All it takes is a few people who wish to use fiduciary media and FR banking on their own property and in private exchanges and no doubt you’d send in the private SWAT teams to oppress them, you evil freedom hater you.*

              * N.B. Last words are ironic.

              • K.P. says:

                “it does not follow that the laws coercing people and stopping them from doing it are just”

                Honest question, L.K. (or Bob) did he (or you, Bob) say such laws (that outlaw certain “moral exchanges” ) were necessarily just?

                I’m trying to figure out where this conversation is coming from?

              • Bob Roddis says:

                LK finds it necessary to engage in obfuscation and the distortion of simple concepts and the well known meaning of words.

  7. Bob Roddis says:

    And LK’s dingbat fractional reserve arguments have been exploded so many times before. I think payees will be misled by FRB notes that do not expressly state in detail the reserve ratio of specie on the face of the note. But if no one is misled by such notes (as is proclaimed quite hysterically by the otherwise nanny-stater Keynesians), then no one will be misled by prices stated in terms of those notes either. So there would be no ABCT unless and until people are misled by the notes.

    http://factsandotherstubbornthings.blogspot.com/2012/07/bob-roddis-makes-bad-argument.html?showComment=1342649925304#c790455305419085448

    • Lord Keynes says:

      (1) ” I think payees will be misled by FRB notes that do not expressly state in detail the reserve ratio of specie on the face of the note”

      Given that reserves would normally fluctuate on a day to day basis how would they update the notes?

      (2) the notion that there would be a separate set of prices expressed in terms of such notes is absurd: final clearing would presumably be done in gold or some other “hard” money. Therefore separate prices make no sense.

      If you would not accept some FR note for a good priced at $10, you would hardly be so stupid as to demand $50 when you think the buyer or his bank would never settle.

      (2) “So there would be no ABCT unless and until people are misled by the notes. “

      ABCs (assuming the logic of theory) would occur in the presence of fiduciary media or FR notes without the need for any “misled” people.

      • Matt Tanous says:

        “Given that reserves would normally fluctuate on a day to day basis how would they update the notes?”

        Are you so inane as to think that there is no reserve floor below which the banks are not allowed to (or just choose not to) go?

        “the notion that there would be a separate set of prices expressed in terms of such notes is absurd”

        Learn some history. Banknotes circulating at a discount in comparison to hard metal has happened before – even without the fractional reserve nature of the notes. Such is the natural state of market-created banknotes. The fractional reserve nature of the notes would only deepen the discount at which they would circulate.

        • Lord Keynes says:

          Discounting a FR banknote is a different thing from having a separate set of prices for commodities.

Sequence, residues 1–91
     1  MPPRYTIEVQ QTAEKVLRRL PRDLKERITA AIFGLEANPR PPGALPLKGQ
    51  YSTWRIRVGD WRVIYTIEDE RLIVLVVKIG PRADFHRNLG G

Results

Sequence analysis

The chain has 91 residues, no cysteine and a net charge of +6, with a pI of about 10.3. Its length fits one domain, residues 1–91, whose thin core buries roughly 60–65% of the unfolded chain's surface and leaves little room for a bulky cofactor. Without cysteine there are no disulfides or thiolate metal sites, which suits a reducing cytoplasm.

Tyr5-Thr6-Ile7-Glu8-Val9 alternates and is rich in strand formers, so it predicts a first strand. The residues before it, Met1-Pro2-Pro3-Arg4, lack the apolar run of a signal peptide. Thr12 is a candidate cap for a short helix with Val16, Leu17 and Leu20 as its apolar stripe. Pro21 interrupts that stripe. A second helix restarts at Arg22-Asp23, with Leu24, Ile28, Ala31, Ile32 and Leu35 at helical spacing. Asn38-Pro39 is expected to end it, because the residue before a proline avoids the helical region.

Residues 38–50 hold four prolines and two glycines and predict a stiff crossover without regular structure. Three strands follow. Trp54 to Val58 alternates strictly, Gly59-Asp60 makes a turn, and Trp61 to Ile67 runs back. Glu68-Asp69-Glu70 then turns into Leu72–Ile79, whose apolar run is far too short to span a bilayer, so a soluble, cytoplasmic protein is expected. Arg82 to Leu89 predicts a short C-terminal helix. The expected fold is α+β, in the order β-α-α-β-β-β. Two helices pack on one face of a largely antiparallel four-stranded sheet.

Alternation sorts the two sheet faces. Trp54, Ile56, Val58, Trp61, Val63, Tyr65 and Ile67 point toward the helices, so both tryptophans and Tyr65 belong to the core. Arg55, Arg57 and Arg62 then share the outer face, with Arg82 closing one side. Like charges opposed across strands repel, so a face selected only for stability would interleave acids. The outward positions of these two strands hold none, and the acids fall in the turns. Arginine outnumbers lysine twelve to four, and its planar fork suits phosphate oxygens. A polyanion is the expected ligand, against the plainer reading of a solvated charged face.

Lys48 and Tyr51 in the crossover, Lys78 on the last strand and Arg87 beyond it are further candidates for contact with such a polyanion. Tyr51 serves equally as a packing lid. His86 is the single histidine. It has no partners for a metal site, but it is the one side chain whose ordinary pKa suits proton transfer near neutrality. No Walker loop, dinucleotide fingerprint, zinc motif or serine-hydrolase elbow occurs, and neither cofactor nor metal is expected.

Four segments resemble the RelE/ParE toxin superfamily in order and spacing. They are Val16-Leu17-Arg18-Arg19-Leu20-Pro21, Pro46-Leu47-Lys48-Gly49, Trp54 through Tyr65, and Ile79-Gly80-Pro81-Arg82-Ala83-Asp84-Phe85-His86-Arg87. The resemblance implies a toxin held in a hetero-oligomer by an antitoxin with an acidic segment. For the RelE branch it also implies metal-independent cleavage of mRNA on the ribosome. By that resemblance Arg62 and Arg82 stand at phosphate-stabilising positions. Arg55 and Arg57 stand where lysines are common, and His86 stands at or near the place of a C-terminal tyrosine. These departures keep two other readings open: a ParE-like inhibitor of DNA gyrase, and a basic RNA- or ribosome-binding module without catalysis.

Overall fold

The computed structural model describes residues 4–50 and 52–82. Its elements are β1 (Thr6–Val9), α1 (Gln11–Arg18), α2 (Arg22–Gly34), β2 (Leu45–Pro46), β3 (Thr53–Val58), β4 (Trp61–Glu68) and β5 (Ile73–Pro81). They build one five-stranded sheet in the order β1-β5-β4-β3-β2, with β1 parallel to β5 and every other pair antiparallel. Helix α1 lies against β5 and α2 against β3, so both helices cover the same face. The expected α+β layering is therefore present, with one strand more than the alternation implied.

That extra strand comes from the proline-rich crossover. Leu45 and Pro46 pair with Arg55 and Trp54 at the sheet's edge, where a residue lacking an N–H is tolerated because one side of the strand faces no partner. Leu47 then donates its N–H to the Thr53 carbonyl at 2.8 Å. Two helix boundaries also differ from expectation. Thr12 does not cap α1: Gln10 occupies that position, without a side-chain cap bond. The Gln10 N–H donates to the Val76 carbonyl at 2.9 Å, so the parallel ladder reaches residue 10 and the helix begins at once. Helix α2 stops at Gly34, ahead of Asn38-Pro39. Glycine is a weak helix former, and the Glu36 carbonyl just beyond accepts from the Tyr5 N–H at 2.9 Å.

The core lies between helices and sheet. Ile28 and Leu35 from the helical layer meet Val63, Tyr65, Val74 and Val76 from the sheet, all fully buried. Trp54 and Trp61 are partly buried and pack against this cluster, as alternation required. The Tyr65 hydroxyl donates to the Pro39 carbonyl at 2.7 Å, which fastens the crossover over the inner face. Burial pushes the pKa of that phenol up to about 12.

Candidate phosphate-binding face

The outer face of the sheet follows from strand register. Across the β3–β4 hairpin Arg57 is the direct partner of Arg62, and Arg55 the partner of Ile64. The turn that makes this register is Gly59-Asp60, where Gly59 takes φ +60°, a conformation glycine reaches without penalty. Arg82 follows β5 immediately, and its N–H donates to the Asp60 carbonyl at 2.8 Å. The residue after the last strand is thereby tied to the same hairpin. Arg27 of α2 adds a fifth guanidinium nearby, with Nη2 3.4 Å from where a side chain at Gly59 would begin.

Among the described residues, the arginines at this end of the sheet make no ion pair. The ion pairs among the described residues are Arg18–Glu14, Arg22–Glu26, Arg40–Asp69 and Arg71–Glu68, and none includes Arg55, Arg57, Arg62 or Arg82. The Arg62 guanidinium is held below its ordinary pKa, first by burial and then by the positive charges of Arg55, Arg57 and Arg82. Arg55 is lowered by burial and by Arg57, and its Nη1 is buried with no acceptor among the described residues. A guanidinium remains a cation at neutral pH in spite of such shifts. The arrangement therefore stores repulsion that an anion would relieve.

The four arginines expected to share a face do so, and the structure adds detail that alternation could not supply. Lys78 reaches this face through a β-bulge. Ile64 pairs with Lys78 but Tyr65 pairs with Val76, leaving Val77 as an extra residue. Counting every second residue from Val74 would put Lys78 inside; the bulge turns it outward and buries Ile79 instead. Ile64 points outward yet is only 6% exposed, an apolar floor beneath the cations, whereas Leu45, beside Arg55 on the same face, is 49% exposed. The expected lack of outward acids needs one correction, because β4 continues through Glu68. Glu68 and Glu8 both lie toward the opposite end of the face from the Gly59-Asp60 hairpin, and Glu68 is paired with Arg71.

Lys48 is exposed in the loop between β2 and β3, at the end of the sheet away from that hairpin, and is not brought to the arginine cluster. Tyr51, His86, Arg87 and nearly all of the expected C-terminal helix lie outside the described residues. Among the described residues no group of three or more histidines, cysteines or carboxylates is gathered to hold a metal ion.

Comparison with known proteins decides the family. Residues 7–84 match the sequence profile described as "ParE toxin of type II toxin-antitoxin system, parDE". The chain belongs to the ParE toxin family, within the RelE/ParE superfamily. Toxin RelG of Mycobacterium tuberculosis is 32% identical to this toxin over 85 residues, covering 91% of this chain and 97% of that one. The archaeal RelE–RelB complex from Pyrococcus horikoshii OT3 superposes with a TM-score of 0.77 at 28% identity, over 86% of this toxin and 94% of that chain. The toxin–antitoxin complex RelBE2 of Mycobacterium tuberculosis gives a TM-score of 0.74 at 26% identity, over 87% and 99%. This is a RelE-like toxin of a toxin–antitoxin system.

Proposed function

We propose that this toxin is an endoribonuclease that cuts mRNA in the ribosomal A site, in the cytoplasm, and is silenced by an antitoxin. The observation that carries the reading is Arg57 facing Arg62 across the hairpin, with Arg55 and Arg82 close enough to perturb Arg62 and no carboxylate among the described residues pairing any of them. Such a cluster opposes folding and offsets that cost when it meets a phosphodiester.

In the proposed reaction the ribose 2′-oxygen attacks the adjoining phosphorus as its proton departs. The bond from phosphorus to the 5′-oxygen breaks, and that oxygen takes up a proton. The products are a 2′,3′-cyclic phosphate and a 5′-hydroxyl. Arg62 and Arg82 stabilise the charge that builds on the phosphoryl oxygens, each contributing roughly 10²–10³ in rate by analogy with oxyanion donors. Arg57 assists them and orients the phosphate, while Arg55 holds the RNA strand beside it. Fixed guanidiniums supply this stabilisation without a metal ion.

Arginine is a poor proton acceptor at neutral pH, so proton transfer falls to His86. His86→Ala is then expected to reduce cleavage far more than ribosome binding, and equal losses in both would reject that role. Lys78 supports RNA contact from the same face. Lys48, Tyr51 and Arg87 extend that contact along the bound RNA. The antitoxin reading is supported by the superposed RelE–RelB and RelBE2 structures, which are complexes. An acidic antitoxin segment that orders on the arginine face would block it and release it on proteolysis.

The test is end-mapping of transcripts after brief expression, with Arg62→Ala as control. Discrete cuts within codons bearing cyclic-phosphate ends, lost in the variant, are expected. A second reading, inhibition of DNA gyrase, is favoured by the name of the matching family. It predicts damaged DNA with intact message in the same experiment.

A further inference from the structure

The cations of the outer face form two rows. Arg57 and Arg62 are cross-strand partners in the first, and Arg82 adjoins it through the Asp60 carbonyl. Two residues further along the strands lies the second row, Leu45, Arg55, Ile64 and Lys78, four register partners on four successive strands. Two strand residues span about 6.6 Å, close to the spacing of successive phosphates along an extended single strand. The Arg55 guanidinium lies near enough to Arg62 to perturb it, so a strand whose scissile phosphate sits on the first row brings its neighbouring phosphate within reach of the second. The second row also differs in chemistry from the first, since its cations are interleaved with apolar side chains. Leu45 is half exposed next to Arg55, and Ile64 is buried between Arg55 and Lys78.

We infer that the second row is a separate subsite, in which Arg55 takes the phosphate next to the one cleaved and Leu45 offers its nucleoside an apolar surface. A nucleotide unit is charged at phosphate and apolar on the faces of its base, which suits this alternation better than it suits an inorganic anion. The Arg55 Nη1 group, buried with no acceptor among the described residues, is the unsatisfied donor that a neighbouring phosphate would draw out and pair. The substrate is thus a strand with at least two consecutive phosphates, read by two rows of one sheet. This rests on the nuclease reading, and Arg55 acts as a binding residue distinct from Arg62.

• Tel says:

        Given that reserves would normally fluctuate on a day to day basis how would they update the notes?

        In the modern world, a web page address on the note would be fine, where anyone can check the latest figures at any time. You will note that banks (in theory) provide this information right now, but they are cagey about getting independently audited on that.

        As Germany is discovering, trying to pull 300 tonnes of your own gold out of the New York Fed is not by any means a simple exercise, even though the Fed claims to have thousands of tonnes of bars right there under the floor. We’ll just see how much physical delivery Germany ever sees.

      • Gee says:

        LK: “Given that reserves would normally fluctuate on a day to day basis how would they update the notes?”

        Considering how much time you have spent reading and writing about Austrian economics, as well as how much time you have spent debating with Austrians, I’m surprised that you yourself cannot answer this simply question.

        As Robert Wenzel would say, you seem to lack the ability to think more than 2 steps ahead.

      • Bob Roddis says:

        So that we don’t have to go through this silly and boring FRB “debate” again, I’m saving this template for the next time LK plays his FRB “wild card”.

        Me: I think FRB will be problematic. People will be confused about the nature of the notes vs. specie warehouse receipts. Further, I doubt that average people would accept them as payment if they understood what they are. However, if those problems are solved, then the different types of notes would have different values and brands and probably wouldn’t cause an Austrian Business Cycle, but who knows? Better safe than sorry.

        LK: IDIOT!!!!!!!!! Of course, no one will be misled by the notes but they will ALWAYS cause an ABC.

        Me: Well, then maybe FRB notes shouldn’t be used.

        LK: IDIOT!!!!!!

  8. Mike Sax says:

    So compared to DeGaulle you guys are late to the party huh?

    Who was it again, thoug who said “In the long run we are all dead?”

    Certainly DeGaulle is quite dead for a very long time.